|Lopez Lastra, C.|
Submitted to: Mycopathologia
Publication Type: Peer Reviewed Journal
Publication Acceptance Date: 11/30/2005
Publication Date: 4/10/2006
Citation: Lopez Lastra, C.C., Siri, A., Garcia, J.J., Eilenberg, J., Humber, R.A. 2006. Entomophthora ferdinandii (zygomycetes: entomophthorales) causing natural infestations of muscae domestica (diptera: muscidae) in argentina. Mycopathologia. 161(4):251-254. Interpretive Summary: Flies are troublesome pests in poultry houses throughout the world and efforts have been conducted worldwide to develop fungi for biological control agents. Together with Argentinean colleagues studying fungi pathogenic for insects, we report the presence of ENTOMOPHTHORA MUSCAE species complex affecting house flies in Argentina. This is the first report of the fungal pathogen, ENTOMOPHTHORA FERDINANDII, from the New World and adds to the available morphological information about this little reported member of the E. MUSCAE species complex. We also include an obligatory spelling correction for the name of this fungus. Significantly high levels of mortality against houseflies were found, as is the seasonal pattern of occurrence of the fungus against these flies. This paper provides a basis for further studies of this fungus as a potential biological control agent for use in poultry houses where house flies are chronic pests.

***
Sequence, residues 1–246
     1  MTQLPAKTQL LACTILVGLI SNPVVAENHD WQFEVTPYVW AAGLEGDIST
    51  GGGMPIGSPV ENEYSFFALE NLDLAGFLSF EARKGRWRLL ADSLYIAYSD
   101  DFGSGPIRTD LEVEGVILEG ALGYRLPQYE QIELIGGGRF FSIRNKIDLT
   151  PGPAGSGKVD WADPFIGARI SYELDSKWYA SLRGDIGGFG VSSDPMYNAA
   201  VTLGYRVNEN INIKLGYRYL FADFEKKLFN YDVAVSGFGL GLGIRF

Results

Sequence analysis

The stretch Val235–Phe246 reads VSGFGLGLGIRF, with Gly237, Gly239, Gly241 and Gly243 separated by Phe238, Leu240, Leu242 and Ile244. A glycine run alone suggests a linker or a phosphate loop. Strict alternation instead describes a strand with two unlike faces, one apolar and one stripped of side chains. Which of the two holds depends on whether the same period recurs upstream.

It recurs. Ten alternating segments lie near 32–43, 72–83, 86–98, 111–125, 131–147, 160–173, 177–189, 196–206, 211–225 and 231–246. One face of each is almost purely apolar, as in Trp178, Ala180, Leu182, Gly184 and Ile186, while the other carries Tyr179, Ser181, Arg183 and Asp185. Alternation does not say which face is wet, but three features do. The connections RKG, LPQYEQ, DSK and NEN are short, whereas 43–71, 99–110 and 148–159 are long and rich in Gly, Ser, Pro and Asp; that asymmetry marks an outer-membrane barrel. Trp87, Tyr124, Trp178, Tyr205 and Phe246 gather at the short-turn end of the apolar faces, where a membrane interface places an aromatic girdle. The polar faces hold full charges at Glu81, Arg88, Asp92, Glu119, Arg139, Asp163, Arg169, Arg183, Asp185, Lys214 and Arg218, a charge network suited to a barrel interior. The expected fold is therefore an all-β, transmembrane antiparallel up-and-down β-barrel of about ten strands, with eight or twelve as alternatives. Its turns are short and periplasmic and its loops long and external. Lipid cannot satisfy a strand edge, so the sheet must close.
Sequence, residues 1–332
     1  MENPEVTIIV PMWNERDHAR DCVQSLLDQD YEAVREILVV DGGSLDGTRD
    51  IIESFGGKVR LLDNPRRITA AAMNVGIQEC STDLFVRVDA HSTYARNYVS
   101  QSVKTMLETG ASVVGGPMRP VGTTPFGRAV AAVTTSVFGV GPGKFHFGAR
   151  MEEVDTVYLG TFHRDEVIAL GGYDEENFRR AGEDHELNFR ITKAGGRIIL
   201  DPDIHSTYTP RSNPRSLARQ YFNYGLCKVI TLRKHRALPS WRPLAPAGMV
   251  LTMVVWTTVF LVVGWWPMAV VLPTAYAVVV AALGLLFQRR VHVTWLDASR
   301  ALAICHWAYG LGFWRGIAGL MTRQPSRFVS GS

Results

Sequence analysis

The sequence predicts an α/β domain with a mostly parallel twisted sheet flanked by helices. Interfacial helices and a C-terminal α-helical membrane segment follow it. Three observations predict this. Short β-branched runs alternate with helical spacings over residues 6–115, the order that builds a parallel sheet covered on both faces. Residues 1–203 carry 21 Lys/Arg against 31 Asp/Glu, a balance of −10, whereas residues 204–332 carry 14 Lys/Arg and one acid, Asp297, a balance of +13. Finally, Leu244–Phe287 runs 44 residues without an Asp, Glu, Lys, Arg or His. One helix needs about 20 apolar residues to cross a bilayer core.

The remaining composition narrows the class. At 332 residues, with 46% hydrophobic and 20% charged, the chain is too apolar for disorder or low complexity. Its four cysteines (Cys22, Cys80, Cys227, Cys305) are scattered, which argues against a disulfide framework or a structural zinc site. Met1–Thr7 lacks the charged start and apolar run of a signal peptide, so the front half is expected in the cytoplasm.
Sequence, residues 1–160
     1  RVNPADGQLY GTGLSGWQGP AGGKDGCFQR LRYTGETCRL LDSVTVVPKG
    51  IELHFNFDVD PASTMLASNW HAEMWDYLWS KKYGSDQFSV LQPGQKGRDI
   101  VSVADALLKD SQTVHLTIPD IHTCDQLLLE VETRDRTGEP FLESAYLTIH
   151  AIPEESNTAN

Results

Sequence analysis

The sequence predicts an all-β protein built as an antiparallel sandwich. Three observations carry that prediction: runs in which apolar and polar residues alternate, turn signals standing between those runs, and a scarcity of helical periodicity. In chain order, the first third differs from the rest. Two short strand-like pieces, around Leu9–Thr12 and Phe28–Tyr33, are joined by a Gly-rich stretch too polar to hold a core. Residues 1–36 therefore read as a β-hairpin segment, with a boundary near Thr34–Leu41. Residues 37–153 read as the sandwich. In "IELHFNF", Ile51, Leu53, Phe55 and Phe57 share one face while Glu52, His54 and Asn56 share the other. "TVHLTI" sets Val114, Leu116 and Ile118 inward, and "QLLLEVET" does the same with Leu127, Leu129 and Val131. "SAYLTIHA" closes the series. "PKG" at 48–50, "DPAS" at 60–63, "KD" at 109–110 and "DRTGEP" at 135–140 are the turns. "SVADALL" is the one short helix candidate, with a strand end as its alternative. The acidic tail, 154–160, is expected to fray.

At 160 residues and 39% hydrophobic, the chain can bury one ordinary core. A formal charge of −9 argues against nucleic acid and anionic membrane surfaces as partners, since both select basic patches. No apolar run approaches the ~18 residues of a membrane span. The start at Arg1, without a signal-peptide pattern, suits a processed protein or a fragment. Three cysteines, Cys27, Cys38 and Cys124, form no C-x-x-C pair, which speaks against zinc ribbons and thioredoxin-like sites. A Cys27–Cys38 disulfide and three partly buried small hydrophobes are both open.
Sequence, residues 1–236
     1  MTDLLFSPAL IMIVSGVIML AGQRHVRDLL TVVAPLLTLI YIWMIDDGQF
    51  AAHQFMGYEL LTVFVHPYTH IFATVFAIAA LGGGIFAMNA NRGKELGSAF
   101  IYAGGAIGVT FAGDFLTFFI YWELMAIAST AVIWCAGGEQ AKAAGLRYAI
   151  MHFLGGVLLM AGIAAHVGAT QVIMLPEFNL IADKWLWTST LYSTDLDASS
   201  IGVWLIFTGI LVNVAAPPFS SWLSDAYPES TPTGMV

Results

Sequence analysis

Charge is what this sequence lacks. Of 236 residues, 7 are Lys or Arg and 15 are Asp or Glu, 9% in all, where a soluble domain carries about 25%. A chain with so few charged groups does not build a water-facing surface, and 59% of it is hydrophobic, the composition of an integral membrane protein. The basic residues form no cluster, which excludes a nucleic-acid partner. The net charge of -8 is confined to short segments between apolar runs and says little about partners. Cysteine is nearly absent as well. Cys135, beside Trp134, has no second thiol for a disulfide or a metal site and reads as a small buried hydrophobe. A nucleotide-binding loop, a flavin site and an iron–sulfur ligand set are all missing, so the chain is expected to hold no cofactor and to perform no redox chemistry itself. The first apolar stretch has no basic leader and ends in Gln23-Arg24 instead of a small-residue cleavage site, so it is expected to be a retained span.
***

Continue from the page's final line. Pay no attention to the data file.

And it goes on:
Technical Abstract: The identity and activity of an entomopathogenic fungus belonging to the Entomophthora muscae species complex and infecting Musca domestica in poultry houses from La Plata, Argentina, is reported. Two years of surveys on the natural prevalence of entomopathogenic fungi in house flies indicated that Entomophthora caused infections between September 2001 and September 2003. Primary conidia of this Entomophthora were 29.5 1.2 x 23.4 2.4 m and contained, on average, 10.5 0.1 nuclei (range: 7--15) with an average diameter of 4.8 0.1 m. This fungus is identified as E. ferdinandii Keller (this specific epithet includes a nomenclaturally required spelling correction); this is a first record of E. ferdinandii in South America and of any member of the E. muscae species complex from flies in Argentina. Data on natural prevalence ranged from 0-68.4% within host fly populations. The highest natural infection percentages were observed during the spring of 2001 (50.6%) and the autumn of 2002 and 2003 (33.2 and 68.4%, respectively).